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Does your horse get enough vitamins and minerals?
Roughage is the staple in a healthy diet for a horse, which you supplement with concentrates when needed. However, the amount of vitamins, minerals and trace elements that a horse takes in, is often not sufficient. How do you know whether your horse has deficiencies?
Unfortunately, you cannot always tell from the outside whether your horse is getting enough vitamins and minerals, which makes the assessment very difficult. Even with a blood test it is difficult to demonstrate a deficiency as the test is only a snapshot in time and deficiencies do not always show up in the blood. From some horses it is known that they will start eating sand or manure when they need a supplement, but that does not apply to all horses. This is why we have defined three situations from which you can derive whether or not your horse or pony needs a supplement.
1. Vitamin for a horse or pony that is only fed roughage and/or grass
From the outside, you cannot see how much vitamins and minerals your hay or silage contains. Even though it smells nice or has the right colour, this does not tell you anything about the quality. Years of research into roughage and its contents show that the levels of vitamins, minerals and trace elements have continually decreased over the past years. In other words, roughage alone does not contain sufficient nutrients to meet the daily-required quantity for your horse. Supplementing with a daily balancer, such as Pavo Vital, provides the solution.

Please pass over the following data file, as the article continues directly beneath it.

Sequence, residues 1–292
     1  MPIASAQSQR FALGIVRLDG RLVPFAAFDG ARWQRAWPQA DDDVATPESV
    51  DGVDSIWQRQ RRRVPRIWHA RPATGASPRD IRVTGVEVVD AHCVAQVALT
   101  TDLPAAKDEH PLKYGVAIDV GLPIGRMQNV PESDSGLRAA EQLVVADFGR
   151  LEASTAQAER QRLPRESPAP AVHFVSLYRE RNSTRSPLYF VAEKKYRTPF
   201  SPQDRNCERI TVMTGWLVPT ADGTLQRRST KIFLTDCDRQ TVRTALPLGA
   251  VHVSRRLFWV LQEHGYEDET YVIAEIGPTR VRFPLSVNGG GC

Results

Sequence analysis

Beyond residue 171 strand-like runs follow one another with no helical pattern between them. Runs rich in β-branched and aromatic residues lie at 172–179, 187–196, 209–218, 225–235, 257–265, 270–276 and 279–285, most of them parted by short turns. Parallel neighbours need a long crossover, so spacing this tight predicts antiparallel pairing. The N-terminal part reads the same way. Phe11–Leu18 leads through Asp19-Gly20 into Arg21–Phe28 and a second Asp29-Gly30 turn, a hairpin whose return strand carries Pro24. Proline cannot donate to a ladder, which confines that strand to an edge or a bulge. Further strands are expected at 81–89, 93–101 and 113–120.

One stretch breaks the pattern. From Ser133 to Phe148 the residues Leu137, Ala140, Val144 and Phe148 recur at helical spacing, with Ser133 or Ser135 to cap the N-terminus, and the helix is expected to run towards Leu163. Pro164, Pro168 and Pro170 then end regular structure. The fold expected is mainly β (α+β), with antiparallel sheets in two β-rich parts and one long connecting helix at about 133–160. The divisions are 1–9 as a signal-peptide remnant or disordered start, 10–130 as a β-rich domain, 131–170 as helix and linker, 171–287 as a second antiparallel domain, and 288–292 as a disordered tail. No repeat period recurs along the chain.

2. Sufficient vitamins for a horse that gets little concentrates
Normally, if you give your horse approximately 1.5 - 2 kg concentrate feed per day, you will meet the vitamin and mineral requirements of your horse. A pony (300 kg) will require 0.75 kg concentrates per day. Pavo Condition and mueslis, such as Pavo Nature’sBest and Pavo 18Plus, are considered concentrated feed. Do you give less than 1.5 kg concentrates and/or less than 0.75 kg per day to your horse or your pony respectively? Then we recommend a supplement of vitamins, minerals and trace elements.
3. Vitamin deficiency? That can result in vague health complaints
If a horse is suffering from a vitamin and mineral deficiency, your horse’s body will go in ‘savings mode’ and ‘save’ on parts that are not essential for survival, such as the quality of the hooves and the coat. If your horse or pony suffers from brittle hooves, has a dull coat, does not shed its coat easily or has stiff muscles, this could be an indication of a deficiency. If your horse suffers from brittle hooves, feeding it biotin, which supports enhancement of the coat and hooves, might help.
When your horse is recovering from sickness or going through a period of decreased immunity, it could also be wise to give your horse something extra. By feeding a so-called ‘balancer’ on a daily basis, you ensure that your horse’s body can function well. By doing so, you know for sure that its vitamin level is always at the right level.